Biriyani and Calcutta have been going hand in hand since the Nawabs from Awadh set their foot in the British capital. Royal Indian Hotel in Chitpur is more than a century old (110 years) and has made its mark as arguably the best Biriyani and Chaap in the city. For those unfamiliar with the idea of a Chaap, I’d suggest a quick tour of Royal in Calcutta for this divine experience. Mutton Chaap is an item invented by the Mughals, using the ribs of a goat to their best faculty. While most recipes tend to serve the flat beaten Chaap pieces as a whole , Royal has its own way of chopping them with the ribs to bite size pieces in a delectably rich gravy of its own fat. They have begun catering Chicken Chaap as well, which is a gross misnomer as the birds are not blessed with generous ribs that ooze the same taste and flavour. On our previous visit to Calcutta, M and I were determined to try this heavenly pair of Biriyani and Chaap from Royal, still in quest of the best biriyani in our home city.
Address: 147, Rabindra Sarani, Bara Bazar, Calcutta – 700073 / 24A, Syed Amir Ali Avenue, Diagonally opposite to Quest Mall, Park Circus
Contact: 033 22681073, 9903369147
USP – Biriyani, Mutton Chaap, Firni
Royal is one of those serious no-nonsense no-frills old-school ‘hotels’ which don’t believe in fancy decor. It’s an eatery with heavy wooden tables and straight-backed chairs with just a jug of water on the table. Located in the busiest and congested wholesale market of Calcutta (Chitpur/Barabazar), the restaurant is cramped for space. The floor above has been renovated and added to the restaurant as I’m told. There’s a separate air-conditioned hall with slightly hiked food prices.
Once you reach Royal braving the serpentine lanes and heavy traffic, the thelas and vans with huge sacks of spices, condiments, and grains inching their way to the respective godowns, the slow moving buses and taxis, people jostling for space and rushing past – you wouldn’t worry about ambience at all. Instead, you’d be glad to reach Royal, sit beside a huge pedestal fan and wait for your biriyani watching other eaters gloat in the comfort of their food as well.
I’d start with a disclaimer that this review is purely based on the Biriyani and Chaap that we had. Royal doesn’t boast a big booklet of menu like most new age restaurants, but a humble single page enough to satiate its customers. Our Modus Operandi was to attack the Biriyani and dissect it based on all parameters. Reaching the hotel on a moderately hot afternoon after quite a hectic commute, all we wanted was comfort. So, the order comprised of a Mutton Biriyani each for M and I, one Mutton Chaap, one Firni (for me) and two soft drinks to gulp down the richness.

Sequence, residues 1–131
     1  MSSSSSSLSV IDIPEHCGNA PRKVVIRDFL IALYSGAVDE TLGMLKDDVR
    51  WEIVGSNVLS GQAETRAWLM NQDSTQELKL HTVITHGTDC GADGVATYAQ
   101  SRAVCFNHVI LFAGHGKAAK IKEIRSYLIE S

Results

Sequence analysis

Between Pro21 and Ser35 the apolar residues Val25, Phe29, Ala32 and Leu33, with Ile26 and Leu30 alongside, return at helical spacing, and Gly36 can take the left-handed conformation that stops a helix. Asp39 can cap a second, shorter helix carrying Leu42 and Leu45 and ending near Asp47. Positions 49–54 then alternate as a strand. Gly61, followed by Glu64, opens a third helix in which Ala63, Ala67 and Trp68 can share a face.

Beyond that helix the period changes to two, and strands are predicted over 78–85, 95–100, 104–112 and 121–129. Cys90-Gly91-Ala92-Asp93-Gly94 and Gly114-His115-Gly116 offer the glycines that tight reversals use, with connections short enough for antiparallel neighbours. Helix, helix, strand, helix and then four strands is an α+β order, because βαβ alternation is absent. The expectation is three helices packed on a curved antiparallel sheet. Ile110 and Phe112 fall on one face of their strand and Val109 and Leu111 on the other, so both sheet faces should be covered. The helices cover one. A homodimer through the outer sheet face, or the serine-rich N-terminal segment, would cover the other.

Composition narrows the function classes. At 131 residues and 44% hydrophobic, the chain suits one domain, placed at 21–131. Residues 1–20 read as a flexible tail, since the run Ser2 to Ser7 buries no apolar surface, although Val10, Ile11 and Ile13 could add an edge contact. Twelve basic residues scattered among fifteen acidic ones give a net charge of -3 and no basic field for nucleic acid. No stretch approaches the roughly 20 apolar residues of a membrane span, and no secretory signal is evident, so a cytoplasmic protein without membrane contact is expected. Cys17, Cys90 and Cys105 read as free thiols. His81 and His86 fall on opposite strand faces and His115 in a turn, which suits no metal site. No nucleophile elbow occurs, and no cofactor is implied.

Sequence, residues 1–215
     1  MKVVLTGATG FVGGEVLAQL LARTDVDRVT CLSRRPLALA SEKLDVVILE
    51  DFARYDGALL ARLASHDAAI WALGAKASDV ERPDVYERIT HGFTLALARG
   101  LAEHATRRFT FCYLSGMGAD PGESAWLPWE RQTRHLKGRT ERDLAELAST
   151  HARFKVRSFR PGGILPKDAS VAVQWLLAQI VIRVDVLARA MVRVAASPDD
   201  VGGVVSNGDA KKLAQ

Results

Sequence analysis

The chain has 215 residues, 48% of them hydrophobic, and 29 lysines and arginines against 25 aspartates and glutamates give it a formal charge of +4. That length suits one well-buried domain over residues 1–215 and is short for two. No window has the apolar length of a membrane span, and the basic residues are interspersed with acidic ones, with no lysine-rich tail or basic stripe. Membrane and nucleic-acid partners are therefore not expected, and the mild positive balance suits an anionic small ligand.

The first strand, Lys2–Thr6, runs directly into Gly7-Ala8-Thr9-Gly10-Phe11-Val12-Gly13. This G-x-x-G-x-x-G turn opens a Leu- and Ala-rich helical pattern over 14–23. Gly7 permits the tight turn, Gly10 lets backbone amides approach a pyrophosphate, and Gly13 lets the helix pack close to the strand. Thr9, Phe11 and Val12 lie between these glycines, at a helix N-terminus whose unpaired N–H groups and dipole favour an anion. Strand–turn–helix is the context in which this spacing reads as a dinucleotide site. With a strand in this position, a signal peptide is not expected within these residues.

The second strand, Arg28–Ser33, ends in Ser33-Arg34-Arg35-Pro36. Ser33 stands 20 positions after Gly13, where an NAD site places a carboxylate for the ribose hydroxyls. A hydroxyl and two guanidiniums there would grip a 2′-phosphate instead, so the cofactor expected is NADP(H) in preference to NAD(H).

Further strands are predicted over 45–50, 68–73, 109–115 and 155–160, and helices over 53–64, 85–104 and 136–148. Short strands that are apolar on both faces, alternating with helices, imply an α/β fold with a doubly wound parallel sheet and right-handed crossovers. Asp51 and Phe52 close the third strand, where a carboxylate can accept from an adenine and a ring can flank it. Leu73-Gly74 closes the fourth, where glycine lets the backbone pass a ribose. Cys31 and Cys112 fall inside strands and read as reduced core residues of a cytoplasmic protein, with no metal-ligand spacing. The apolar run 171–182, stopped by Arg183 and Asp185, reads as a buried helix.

When you order Biriyani, do keep in mind that it is prepared in huge handi or degchis in batches. If you’re lucky enough, your plate of biriyani will arrive within five minutes, just cut and served from the handi. If the handi is exhausted, another one on dum will be opened when it’s done, cut and served. That might take a few minutes depending on the duration of dum it has been kept on and in any well mannered restaurant, the waiter will inform you of the delay due to this reason. This is a golden rule to be remembered while you’re having biriyani. Don’t let any restaurant conjure a trick when they ask you to wait while the biriyani is being ‘prepared.’ There’s nothing to prepare or garnish in a plate of biriyani while the customer is waiting at the table.
Our biriyani arrived even before the apprentice waiter could get us the soft drinks from the kitchen fridge. Sufficient in quantity for one, fluffy and lightly fragrant Khushka served over a succulent piece of meat and a few small koftas, Royal’s biriyani is a delight. We were overwhelmed by the lightness of the Khushka and the mild aroma, thankful of the cooks for not smearing our plates with the heady fragrance of Meetha Attar. As a Calcuttan, I was certainly sad with the absence of a boiled egg and potatoes in the biriyani, but the sheer beauty of taste at Royal compensated it. We loved the Chaap as it was evidently the best we’ve ever had. Royal has a chacha perched on his seat for the entire day at the front of the hotel with his paraphernalia of Chaap – a huge tilted deg on slow fire that churns out the Mutton Chaap simmering in its own juice and fat before it is served.
The biriyani and chaap together would create a riot in your mouth, not clammering to assert their individual tastes, but complementing each other beautifully. I loved the Firni too, it’s one of my most favourite Indian desserts and is a rarity in the western part of the country where I reside now. Royal’s Firni is better than Arsalan’s, that I can assure you.
What I didn’t like
There isn’t much to dislike. We had the Chaap twice in a week and the second one had a plateful of bones mostly. That’s our only grievance.
Impeccable and old school. There’s an old chacha presiding over young waiters and taking care of each table. You just have to utter your order and chacha will look after it very soon.
My rating: 4.5/5
Have you ever been here? Let me know how you liked it.
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